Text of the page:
Apprentices could help restore tug behind Nessie claims

  • Published
Scot II
Image caption,
The Scot II had operated as an ice-breaker on the Caledonian Canal

Apprentice engineers look set to help a father and son restore an 80-year-old ice-breaker tug whose wake on Loch Ness was mistaken for Nessie.

James Clark, a former skipper of the Scot II, and his son Dan have started a project to save the rusting vessel.

The duo from Fort Augustus have been offered assistance from Babcock apprentices and staff and students at Fife's Carnegie College.

The cost of the full restoration has been estimated at £375,000.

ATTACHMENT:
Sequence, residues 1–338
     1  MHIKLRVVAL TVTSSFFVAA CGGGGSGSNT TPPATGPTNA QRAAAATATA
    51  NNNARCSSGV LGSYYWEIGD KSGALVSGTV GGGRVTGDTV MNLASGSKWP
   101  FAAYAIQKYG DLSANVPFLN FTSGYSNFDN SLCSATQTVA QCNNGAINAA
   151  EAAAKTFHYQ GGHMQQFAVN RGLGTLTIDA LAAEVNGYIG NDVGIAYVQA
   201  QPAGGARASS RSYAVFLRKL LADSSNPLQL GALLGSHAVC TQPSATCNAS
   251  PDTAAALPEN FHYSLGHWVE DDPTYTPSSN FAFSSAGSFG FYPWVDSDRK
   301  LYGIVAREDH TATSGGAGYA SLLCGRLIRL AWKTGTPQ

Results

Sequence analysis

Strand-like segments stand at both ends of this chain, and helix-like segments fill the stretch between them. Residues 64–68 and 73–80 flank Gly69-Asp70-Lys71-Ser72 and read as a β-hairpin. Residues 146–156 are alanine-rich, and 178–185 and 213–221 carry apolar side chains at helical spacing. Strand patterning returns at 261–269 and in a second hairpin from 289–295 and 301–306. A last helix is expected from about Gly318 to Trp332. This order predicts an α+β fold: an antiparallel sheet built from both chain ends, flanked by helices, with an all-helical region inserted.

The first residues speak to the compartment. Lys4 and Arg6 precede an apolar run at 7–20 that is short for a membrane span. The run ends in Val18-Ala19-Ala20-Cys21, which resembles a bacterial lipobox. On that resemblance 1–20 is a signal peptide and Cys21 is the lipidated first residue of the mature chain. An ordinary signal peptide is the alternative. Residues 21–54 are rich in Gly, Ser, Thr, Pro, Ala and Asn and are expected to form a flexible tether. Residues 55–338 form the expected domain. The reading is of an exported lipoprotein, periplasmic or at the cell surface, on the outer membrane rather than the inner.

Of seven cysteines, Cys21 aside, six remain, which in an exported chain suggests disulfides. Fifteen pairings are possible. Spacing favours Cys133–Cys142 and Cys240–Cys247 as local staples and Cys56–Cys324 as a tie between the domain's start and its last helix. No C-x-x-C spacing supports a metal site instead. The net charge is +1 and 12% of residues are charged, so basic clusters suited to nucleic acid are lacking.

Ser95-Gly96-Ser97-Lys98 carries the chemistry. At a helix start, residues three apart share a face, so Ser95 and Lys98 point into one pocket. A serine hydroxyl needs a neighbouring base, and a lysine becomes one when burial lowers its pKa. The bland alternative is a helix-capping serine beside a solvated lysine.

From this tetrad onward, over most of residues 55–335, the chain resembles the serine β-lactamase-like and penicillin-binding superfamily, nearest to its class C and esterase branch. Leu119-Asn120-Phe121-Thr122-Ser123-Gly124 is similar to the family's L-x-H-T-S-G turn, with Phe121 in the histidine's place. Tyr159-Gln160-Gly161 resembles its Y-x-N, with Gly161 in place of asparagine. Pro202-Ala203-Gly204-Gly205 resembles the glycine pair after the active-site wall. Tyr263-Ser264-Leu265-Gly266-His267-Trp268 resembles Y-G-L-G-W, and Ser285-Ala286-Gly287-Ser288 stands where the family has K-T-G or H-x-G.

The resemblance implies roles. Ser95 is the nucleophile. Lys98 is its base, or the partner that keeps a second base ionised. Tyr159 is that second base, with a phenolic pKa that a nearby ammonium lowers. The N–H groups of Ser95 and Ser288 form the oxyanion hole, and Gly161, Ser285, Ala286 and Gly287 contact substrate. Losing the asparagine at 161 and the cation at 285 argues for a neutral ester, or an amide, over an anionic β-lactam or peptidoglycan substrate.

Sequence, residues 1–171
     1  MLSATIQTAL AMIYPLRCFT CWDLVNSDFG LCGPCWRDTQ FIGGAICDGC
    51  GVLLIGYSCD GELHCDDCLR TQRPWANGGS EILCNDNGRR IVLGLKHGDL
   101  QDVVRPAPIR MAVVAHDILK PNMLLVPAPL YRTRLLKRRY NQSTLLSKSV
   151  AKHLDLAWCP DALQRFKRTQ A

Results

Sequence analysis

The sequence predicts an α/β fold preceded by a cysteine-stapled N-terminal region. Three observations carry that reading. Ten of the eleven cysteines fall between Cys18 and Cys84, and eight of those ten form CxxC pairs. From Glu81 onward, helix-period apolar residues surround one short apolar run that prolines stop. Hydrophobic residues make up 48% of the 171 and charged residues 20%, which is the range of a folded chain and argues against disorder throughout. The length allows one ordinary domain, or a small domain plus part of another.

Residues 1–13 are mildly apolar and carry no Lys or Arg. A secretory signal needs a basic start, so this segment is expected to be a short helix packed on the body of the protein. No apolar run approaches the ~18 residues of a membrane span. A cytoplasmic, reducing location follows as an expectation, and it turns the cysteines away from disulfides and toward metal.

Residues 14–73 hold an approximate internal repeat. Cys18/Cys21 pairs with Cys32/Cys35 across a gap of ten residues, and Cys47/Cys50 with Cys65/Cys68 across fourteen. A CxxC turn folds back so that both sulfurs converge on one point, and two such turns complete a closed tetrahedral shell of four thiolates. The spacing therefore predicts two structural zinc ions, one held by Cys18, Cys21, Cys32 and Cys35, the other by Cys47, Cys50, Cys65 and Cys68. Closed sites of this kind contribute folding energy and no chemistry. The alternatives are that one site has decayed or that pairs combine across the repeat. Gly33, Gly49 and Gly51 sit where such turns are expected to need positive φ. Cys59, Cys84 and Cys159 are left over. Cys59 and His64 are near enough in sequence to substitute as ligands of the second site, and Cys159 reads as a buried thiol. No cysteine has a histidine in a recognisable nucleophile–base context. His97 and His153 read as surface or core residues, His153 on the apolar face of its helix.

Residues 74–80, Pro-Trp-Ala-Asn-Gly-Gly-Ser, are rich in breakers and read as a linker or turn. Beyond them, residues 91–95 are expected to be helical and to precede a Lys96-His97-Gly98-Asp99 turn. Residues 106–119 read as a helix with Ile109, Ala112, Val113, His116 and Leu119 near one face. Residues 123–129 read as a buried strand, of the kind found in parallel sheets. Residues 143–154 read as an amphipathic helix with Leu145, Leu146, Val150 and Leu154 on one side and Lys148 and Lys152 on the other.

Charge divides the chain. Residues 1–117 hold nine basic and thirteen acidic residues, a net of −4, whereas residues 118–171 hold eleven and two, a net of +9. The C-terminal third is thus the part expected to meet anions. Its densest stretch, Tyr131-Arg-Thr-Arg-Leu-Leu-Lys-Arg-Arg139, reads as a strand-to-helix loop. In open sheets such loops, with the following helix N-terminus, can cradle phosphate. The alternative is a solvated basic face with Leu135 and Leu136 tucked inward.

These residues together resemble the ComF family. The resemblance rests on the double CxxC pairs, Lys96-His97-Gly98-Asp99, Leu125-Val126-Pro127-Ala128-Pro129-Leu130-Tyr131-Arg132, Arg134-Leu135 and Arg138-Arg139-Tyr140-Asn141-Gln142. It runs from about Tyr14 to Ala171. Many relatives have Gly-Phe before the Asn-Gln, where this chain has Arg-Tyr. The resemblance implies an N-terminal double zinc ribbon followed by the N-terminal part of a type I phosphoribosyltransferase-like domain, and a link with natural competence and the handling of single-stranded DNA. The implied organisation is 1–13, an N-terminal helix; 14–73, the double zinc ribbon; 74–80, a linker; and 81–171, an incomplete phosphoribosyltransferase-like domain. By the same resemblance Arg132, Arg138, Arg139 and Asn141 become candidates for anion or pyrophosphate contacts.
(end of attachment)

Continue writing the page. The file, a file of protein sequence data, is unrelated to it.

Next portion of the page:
Offers of help from volunteers had reduced the cost from its original estimate of £750,000.

Built at Henry Robb shipyards in Leith in 1931, the Scot II operated on the Caledonian Canal from its home berth at Fort Augustus.

It was later used as a pleasure cruiser, a floating bar and restaurant before sinking near a boatyard on Bute.

Image caption,
The Scot II pictured in the 1970s when it was run as a pleasure cruiser

Dan Clark said during the Scot II's time as a cruiser it was credited with sparking sightings of the Loch Ness monster due to the wave it created.

He said: "Twenty minutes after the Scot II past her waves were still on the loch and many people mistook that for the Loch Ness monster."

Mr Clark added: "From a historical point of view, we have got to try and restore her.

"It would be sad to see a part of Scottish history disappear when there is life left in the old girl yet."

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